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Transcript of Islamic Banking
Islamic Banking Bachelor of Management Studies Semester Vth 2009-2010
Submitted In Partial Fulfillment of the Requirements for the Award
of the Degree of Bachelor of Management Studies
By Tanveer Ali Roll no.
BIRLA COLLEGE OF ARTS, SCIENCE, COMMERCE Murbad Road Kalyan (W)
BIRLA COLLEGE OF ARTS, SCIENCE, & COMMERCE, KALYAN (Conducted by Kalyan Citizens Education Society) (Affiliated by University of Mumbai)
BACHELOR OF MANAGEMENT STUDIES (BMS) CERTIFICATE This is to certify that Tanveer Ali. Roll No.50 has satisfactorily carried out the project work on the topic Islamic Banking for the Vth semester of T.Y.B.M.S., in academic year 2008-09. Place: - __Kalyan___________ Date: - _____________ ____________________ ________________
Signature of Examiner coordinator
I, Ms. Hema Tahilramani hereby certify that Tanveer Ali Student of T.Y.B.M.S (SEMESTER V), Roll. No.50 has completed project on Islamic Banking in the academic year 2009-10.The information submitted is true and original to the best of my knowledge.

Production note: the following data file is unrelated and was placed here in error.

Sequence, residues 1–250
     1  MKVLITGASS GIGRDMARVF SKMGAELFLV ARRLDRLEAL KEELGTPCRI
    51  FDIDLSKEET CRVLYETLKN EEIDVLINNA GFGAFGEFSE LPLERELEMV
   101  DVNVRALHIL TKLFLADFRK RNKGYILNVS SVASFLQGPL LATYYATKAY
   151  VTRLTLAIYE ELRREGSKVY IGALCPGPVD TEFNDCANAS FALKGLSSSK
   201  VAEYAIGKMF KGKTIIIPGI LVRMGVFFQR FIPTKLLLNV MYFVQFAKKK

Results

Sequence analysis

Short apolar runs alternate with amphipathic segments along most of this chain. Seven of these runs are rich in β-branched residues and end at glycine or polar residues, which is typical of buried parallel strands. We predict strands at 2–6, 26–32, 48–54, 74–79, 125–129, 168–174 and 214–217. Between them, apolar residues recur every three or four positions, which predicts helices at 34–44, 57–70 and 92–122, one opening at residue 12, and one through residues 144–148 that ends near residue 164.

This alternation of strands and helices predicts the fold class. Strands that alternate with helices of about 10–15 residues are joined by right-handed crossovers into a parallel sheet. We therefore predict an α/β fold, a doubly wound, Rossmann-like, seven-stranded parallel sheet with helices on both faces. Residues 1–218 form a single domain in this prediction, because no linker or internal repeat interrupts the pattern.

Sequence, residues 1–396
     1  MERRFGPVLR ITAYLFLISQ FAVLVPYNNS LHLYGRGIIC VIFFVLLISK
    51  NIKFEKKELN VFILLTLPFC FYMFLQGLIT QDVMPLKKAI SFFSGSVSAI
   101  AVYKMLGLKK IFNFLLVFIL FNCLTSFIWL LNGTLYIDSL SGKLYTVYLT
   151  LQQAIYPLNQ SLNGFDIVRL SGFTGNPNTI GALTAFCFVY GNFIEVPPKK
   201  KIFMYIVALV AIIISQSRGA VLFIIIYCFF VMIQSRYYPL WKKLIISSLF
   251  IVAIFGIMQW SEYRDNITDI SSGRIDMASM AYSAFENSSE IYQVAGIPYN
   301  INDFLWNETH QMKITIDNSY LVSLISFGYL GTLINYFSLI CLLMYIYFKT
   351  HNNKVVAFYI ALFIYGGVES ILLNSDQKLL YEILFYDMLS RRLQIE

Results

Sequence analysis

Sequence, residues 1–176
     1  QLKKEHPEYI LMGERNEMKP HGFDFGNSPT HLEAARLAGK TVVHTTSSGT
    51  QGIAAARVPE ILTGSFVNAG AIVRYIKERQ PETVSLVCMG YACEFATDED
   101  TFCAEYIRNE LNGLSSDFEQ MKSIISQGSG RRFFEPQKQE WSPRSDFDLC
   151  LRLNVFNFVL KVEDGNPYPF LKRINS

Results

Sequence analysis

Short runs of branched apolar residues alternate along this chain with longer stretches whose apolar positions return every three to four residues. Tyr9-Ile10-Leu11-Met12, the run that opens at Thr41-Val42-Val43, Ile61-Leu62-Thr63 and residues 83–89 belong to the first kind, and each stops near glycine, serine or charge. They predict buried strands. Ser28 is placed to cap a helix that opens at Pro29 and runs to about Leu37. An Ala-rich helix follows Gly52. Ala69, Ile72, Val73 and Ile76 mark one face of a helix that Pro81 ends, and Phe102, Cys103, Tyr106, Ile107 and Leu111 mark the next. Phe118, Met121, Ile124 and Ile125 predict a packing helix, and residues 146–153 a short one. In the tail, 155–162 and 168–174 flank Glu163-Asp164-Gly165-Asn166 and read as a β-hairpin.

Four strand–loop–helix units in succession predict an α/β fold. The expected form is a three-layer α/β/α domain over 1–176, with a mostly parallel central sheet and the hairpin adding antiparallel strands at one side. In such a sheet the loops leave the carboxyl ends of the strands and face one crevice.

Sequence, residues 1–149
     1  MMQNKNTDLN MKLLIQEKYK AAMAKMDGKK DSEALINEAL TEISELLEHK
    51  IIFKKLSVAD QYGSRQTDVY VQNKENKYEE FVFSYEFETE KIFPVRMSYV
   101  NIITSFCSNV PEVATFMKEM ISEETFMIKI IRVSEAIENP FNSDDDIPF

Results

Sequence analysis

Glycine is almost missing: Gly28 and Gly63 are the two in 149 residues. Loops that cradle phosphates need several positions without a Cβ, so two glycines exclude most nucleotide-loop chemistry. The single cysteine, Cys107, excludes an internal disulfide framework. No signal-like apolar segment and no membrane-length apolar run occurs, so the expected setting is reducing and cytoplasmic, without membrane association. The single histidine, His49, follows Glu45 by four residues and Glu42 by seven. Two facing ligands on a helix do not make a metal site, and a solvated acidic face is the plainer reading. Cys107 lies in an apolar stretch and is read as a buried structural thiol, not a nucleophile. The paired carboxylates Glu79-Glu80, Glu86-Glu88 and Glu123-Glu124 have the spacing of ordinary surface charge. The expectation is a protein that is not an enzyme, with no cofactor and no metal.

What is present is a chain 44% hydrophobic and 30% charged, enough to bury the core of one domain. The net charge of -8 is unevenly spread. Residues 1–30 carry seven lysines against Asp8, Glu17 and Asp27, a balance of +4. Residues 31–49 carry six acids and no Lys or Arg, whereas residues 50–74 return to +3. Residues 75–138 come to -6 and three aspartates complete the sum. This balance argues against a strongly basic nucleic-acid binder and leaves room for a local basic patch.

Place: Kalyan. Date: ___________ Signature of project guide.3
I, Tanveer Ali, student of T.Y.B.M.S Semester V (2009-2010) hereby declare that I have completed the project on Islamic banking. I further declare that the information contained in this project report is genuine, true and the fair to the best of my knowledge.
Roll No. 50
ACKNOWLEDGEMENTI take this opportunity to express my deep sense gratitude to Ms. Hema Tahilramani for her valuable guidance, encouragement and support extended to me during the course of completion of this project report. It has been an honor to work under her guidance throughout the project span. I am very grateful to my parents, friends, and relatives for helping in my project. I am also thankful to all who have either directly or indirectly supported me in shaping the project very well. At last, I would also like to thank our coordinator Mr. Anil Tiwari for his timely co-operation and support extended all the way.
Index Contents.1. Preface. 2. Islamic banking in detail. 3. Islamic banking from theory to practice. 4. Prohibition of usury in Islam. 5. Islamic banking: A variation of conventional banking? 6. Responsibilities of Islamic banking. 7. Growth of Islamic Banking. 8. Islamic of banking is not for Muslims alone. 9. India is the best contender for Islamic Banking. 10. Islamic banking gain momentum. 11. Islamic banking Resistant to crisis. 12. Islamic banks, future of financial industry. Conclusion. 10 26 30 34 52 54 56 58 62 71 78 Page no